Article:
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### CSCE350 Algorithms and Data Structure

Lecture 14

Jianjun Hu

Department of Computer Science and Engineering

University of South Carolina

2009.10.

Announcements

- Midterm 2 – Thursday Oct 29 in class
- As in Midterm 1, you will be allowed to bring in one single-side letter-size cheat sheet. For the good cheat sheets, we will give you bonus points – 5 points

Transform and Conquer

- Solve problem by transforming into:
- a more convenient instance of the same problem (instance simplification)
- presorting
- Gaussian elimination
- a different representation of the same instance (representation change)
- balanced search trees
- heaps and heapsort
- polynomial evaluation by Horner’s rule
- Fast Fourier Transform
- a different problem altogether (problem reduction)
- reductions to graph problems
- linear programming

Instance Simplification - Presorting

- Solve instance of problem by transforming into another simpler/easier instance of the same problem
- Presorting:
- Many problems involving lists are easier when list is sorted.
- searching
- computing the median (selection problem)
- computing the mode
- finding repeated elements

Selection Problem

- Find the kth smallest element in A[1],…A[n]. Special cases:
- minimum: k = 1
- maximum: k = n
- median: k = n/2
- Presorting-based algorithm
- sort list
- return A[k]
- Partition-based algorithm (Variable decrease & conquer):
- pivot/split at A[s] using partitioning algorithm from quicksort
- if s=k return A[s]
- else if s<k repeat with sublist A[s+1],…A[n].
- else if s>k repeat with sublist A[1],…A[s-1].

Notes on Selection Problem

- Presorting-based algorithm: Ω(nlgn) + Θ(1) = Ω(nlgn)
- Partition-based algorithm (Variable decrease & conquer):
- worst case: T(n) =T(n-1) + (n+1) Θ(n2)
- best case: Θ(n)
- average case: T(n) =T(n/2) + (n+1) Θ(n)
- Bonus: also identifies the k smallest elements (not just the kth)
- Special cases of max, min: better, simpler linear algorithm (brute force)
- Conclusion: Presorting does not help in this case.

Finding Repeated Elements

- Presorting-based algorithm:
- use mergesort (optimal): Θ(nlgn)
- scan array to find repeated adjacent elements: Θ(n)
- Brute force algorithm: Θ(n2)
- Conclusion: Presorting yields significant improvement

Θ(nlgn)

Computing A Mode

- A mode is a value that occurs most often in a given list of numbers
- For example: the mode of [5, 1, 5, 7, 6, 5, 7] is 5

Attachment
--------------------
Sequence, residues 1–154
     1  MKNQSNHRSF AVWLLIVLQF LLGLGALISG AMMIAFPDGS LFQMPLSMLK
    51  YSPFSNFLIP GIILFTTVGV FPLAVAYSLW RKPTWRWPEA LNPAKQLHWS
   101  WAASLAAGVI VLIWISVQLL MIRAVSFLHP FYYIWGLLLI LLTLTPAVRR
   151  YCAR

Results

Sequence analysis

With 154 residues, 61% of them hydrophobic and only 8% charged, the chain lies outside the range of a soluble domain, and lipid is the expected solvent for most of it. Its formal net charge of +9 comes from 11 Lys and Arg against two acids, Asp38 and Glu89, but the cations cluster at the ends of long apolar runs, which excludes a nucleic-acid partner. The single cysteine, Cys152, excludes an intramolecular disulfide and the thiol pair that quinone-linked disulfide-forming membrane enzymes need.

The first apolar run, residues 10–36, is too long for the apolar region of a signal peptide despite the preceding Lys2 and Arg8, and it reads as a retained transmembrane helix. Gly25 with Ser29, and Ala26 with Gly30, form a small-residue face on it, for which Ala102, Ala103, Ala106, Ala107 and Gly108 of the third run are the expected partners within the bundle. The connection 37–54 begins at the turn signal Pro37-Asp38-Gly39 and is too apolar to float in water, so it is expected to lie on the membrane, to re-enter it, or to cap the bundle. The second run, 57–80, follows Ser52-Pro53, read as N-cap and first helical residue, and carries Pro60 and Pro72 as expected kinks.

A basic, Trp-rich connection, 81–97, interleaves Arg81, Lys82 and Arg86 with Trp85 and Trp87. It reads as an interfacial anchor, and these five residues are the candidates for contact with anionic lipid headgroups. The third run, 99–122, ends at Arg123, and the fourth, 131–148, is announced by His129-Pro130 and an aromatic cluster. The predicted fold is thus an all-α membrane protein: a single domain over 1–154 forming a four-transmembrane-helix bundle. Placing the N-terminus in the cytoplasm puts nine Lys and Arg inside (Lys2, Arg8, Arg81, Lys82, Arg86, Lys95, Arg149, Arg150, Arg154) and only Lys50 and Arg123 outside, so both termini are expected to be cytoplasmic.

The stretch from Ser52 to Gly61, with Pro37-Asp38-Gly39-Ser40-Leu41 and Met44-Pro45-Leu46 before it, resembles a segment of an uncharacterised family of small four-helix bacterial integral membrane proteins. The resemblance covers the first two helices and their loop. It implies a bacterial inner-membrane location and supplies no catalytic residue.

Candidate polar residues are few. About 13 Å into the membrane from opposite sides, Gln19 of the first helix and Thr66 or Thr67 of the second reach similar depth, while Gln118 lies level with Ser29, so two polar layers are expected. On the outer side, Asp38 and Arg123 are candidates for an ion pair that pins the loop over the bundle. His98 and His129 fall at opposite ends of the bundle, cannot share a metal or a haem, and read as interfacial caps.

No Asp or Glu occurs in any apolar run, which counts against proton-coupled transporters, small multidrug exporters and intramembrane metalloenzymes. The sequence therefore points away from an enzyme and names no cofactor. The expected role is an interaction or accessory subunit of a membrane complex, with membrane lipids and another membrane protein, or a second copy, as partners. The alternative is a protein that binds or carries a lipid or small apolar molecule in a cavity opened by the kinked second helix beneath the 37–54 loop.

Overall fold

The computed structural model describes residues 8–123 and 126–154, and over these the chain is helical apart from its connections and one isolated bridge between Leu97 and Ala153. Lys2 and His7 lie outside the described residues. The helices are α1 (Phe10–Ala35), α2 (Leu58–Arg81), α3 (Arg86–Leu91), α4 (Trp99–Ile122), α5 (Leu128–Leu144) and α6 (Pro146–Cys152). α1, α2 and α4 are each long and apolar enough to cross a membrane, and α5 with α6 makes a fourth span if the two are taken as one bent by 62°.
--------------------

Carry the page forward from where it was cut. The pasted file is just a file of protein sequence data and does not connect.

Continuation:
- Brute-force technique: construct a list to record the frequency of each distinct element
- In each iteration, the i-th element is compared to the stored distinct elements. If a matching is found, its frequency is incremented by 1. Otherwise, current element is added to the list as a distinct element
- Worst case complexity Θ(n2), when all the given n elements are distinct

Complexity of PresortMode()

- The dominating part is on the sorting Θ(nlgn)
- The complexity of the outer while loop is linear since each element will be visited once for comparison
- Therefore, the complexity of presortMode is Θ(nlgn)
- This is much more efficient than the brute-force algorithm that needs Θ(n2)

Searching Problem

- Brute-force search: worst case Θ(n).
- Presorted search T(n)=Tsort(n)+ Tsearch(n)
- = Θ(n log n)+ Θ(log n) = Θ(n log n)
- Therefore, the presorted search is inferior to the brute-force search
- However, if we are going to repeat the searching in the same list many times, presorted search may be more efficient because the sorting need not be repeated

Binary search

Taxonomy of Searching Algorithms

- Elementary searching algorithms
- sequential search
- binary search
- binary tree search
- Balanced tree searching
- AVL trees
- red-black trees
- multiway balanced trees (2-3 trees, 2-3-4 trees, B trees)
- Hashing
- separate chaining
- open addressing

Balanced Trees: AVL trees

- For every node, difference in height between left and right subtree is at most 1

An AVL tree

Not an AVL tree

The number shown above the node is its balance factor, the difference between the heights of the node’s left and right subtrees.

Maintain the Balance of An AVL Tree

- Insert a new node to a AVL binary search tree may make it unbalanced. The new node is always inserted as a leaf
- We transform it into a balanced one by rotation operations
- A rotation in an AVL tree is a local transformation of its subtree rooted at a node whose balance factor has become either +2 or -2 because of the insertion of a new node
- If there are several such nodes, we rotate the tree rooted at the unbalanced node that is closest to the newly inserted leaf
- There are four types of rotations and two of them are mirror images of the other two

Notes on Rotations

- Rotations can be done in constant time (steps)
- Rotations not only guarantee that the resulting tree is balanced, but also should preserve the basic property of a binary search tree, i.e., all the keys in the left subtree should be smaller than the root, the root should be smaller than all the keys in the right subtree.
- The height (h) of an AVL tree with n nodes is bounded by
- lg n≤h≤ 1.4404 lg (n + 2) - 1.3277 average: 1.01 lg n + 0.1 for large n
- So the operations of searching and insertion in an AVL tree take Θ(logn) in the worst case

Other Trees

- Balance tree:Red-black trees (height of subtrees is allowed to differ by up to a factor of 2) and splay trees
- Allow more than one element in a node of a search tree: 2-3 trees, 2-3-4 trees and B-trees.
- Read Section 6.3 for more details.

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